Turkish aviation carried out this Sunday at least 25 bombing operations against Kurdish militia positions in northern Syria, which left several dozen dead. Most of the victims were Kurdish militants from the Syrian Democratic Forces (SDF), allied with Turkey’s Kurdish movement, the PKK, but there were also deaths in camps of government forces in Damascus, in the areas of Raqqa and Al Hasaka.
Hours earlier, the Turkish Ministry of Defense had announced the start of the operation called ‘Claw-Sword’in retaliation for the, which left six dead and 81 injured. Despite the fact that both the Kurdistan Workers Party (PKK) and the SDF denied responsibility for the attack, the Turkish government claimed that Kurdish separatists were responsible, and yesterday they launched revenge before they could prove it in court .
One of the paradoxes of this endless exchange of blows between Ankara and the Kurds beyond the Turkish borders is the fact that the first focus of the attacks was the area of Raqa, the epicenter of the jihadist ‘caliphate’ of the Islamic State. until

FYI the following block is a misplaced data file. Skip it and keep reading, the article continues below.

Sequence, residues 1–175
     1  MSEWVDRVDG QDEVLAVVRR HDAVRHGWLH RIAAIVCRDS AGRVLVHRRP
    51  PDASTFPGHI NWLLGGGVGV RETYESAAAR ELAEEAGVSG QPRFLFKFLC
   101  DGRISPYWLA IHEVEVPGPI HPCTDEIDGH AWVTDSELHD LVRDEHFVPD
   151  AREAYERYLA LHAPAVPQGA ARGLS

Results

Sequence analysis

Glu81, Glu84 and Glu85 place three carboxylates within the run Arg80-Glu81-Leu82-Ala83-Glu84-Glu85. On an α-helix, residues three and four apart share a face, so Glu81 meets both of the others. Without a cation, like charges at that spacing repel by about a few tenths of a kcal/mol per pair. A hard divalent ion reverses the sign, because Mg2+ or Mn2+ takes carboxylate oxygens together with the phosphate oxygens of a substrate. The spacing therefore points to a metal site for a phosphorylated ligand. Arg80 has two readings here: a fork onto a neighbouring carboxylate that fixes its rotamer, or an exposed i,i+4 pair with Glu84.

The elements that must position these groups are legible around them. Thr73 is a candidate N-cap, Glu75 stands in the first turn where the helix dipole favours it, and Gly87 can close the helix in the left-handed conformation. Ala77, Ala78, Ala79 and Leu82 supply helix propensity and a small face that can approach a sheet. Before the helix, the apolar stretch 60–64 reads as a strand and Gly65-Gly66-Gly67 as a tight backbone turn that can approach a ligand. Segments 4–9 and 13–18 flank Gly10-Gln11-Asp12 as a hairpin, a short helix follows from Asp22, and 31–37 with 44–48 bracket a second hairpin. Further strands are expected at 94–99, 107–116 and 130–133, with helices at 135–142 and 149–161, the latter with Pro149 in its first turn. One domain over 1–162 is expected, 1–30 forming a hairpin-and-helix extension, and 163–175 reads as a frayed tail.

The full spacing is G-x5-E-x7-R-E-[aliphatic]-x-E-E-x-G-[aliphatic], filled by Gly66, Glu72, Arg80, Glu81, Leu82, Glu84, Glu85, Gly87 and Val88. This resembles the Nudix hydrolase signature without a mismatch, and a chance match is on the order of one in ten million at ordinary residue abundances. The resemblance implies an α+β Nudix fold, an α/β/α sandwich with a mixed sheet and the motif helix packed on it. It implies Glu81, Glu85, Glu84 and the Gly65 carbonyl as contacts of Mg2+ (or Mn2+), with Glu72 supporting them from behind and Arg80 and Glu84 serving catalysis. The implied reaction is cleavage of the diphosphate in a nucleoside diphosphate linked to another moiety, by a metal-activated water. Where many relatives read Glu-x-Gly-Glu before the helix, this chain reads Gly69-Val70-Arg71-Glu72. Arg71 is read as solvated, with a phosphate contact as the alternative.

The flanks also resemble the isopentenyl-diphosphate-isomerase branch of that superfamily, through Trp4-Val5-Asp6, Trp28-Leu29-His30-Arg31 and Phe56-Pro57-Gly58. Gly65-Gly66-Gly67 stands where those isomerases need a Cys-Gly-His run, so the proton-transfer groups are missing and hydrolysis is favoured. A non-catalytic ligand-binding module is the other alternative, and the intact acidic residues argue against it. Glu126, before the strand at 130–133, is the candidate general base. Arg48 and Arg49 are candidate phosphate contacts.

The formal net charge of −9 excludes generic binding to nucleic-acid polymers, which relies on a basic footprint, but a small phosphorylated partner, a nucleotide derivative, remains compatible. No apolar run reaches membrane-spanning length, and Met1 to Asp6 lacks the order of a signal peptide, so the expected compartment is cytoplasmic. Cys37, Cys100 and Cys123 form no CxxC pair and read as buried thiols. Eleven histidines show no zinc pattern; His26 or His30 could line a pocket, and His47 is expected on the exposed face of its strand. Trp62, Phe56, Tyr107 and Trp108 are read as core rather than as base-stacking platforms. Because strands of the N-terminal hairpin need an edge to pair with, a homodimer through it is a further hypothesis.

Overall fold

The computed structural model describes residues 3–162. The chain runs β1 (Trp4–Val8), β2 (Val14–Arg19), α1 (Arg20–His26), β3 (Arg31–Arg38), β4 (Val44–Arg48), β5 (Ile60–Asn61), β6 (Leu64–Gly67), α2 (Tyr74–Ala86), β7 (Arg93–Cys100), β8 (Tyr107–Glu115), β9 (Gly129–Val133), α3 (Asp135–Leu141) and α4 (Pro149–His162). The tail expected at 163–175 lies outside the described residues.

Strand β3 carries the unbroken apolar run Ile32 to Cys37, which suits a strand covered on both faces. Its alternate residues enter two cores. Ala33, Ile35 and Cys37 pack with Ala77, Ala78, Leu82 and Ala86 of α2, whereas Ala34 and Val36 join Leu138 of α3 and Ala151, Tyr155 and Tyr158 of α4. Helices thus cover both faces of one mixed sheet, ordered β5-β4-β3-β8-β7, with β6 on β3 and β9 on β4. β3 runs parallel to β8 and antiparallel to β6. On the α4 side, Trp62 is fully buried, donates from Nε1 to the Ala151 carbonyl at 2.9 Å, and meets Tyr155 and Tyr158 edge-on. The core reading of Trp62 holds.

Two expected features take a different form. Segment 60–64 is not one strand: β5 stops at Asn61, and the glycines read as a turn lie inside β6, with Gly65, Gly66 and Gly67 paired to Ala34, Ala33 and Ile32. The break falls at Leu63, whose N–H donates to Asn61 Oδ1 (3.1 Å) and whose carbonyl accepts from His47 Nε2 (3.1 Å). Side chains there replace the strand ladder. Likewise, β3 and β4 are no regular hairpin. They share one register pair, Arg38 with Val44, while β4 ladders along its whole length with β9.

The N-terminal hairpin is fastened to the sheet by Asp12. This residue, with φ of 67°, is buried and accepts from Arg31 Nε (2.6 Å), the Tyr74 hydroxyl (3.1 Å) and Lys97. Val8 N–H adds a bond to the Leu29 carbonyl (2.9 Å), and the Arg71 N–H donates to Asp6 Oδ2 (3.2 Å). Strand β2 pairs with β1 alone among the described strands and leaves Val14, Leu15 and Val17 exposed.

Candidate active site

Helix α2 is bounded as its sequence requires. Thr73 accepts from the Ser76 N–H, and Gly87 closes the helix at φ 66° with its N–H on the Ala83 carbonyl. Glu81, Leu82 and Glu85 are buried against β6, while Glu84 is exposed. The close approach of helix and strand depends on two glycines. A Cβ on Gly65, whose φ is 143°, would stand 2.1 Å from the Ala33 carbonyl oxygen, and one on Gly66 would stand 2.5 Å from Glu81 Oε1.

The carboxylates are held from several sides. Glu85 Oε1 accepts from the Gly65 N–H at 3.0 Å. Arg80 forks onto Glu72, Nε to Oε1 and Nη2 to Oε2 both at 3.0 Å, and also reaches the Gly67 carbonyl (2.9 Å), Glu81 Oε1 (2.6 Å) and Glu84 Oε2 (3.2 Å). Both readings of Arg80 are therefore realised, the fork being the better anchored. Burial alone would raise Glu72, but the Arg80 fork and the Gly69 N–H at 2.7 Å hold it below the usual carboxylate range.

The Islamist Regime, who is going to celebrate twenty years in power in Turkey, has long since taken the world by storm, and with this retaliatory operation he is challenging not only Washington – his ally within NATO – but also Damascus. The civil war in Syria knows a moment of ‘stand by’, in which the Syrian authorities of they have given their placet to the semi-autonomous Kurdish regime in the north and east of the country, similar to Baghdad’s pragmatic attitude towards the Iraqi Kurds.
Erdogan is not only a long way from doing the same with the significant Kurdish population living in eastern Turkey, but he looks on with horror at that Kurdish autonomy process in neighboring countries, and seems willing to disrupt it even if that again causes a fire of war in the region.
On the other hand, the presidential elections are approaching, and the ‘Turkish sultan’ believes that he will be able to obtain a new mandate if he applies a harsh corrective to the Turkish separatists of the PKK, although many doubts about the attack in Istanbul eight days ago have not yet been clarified. For many, Kurds included, the activity of the PKK – a hodgepodge of Marxism and nationalism – is a disgrace for the Kurdish cause, which has made great strides in self-government.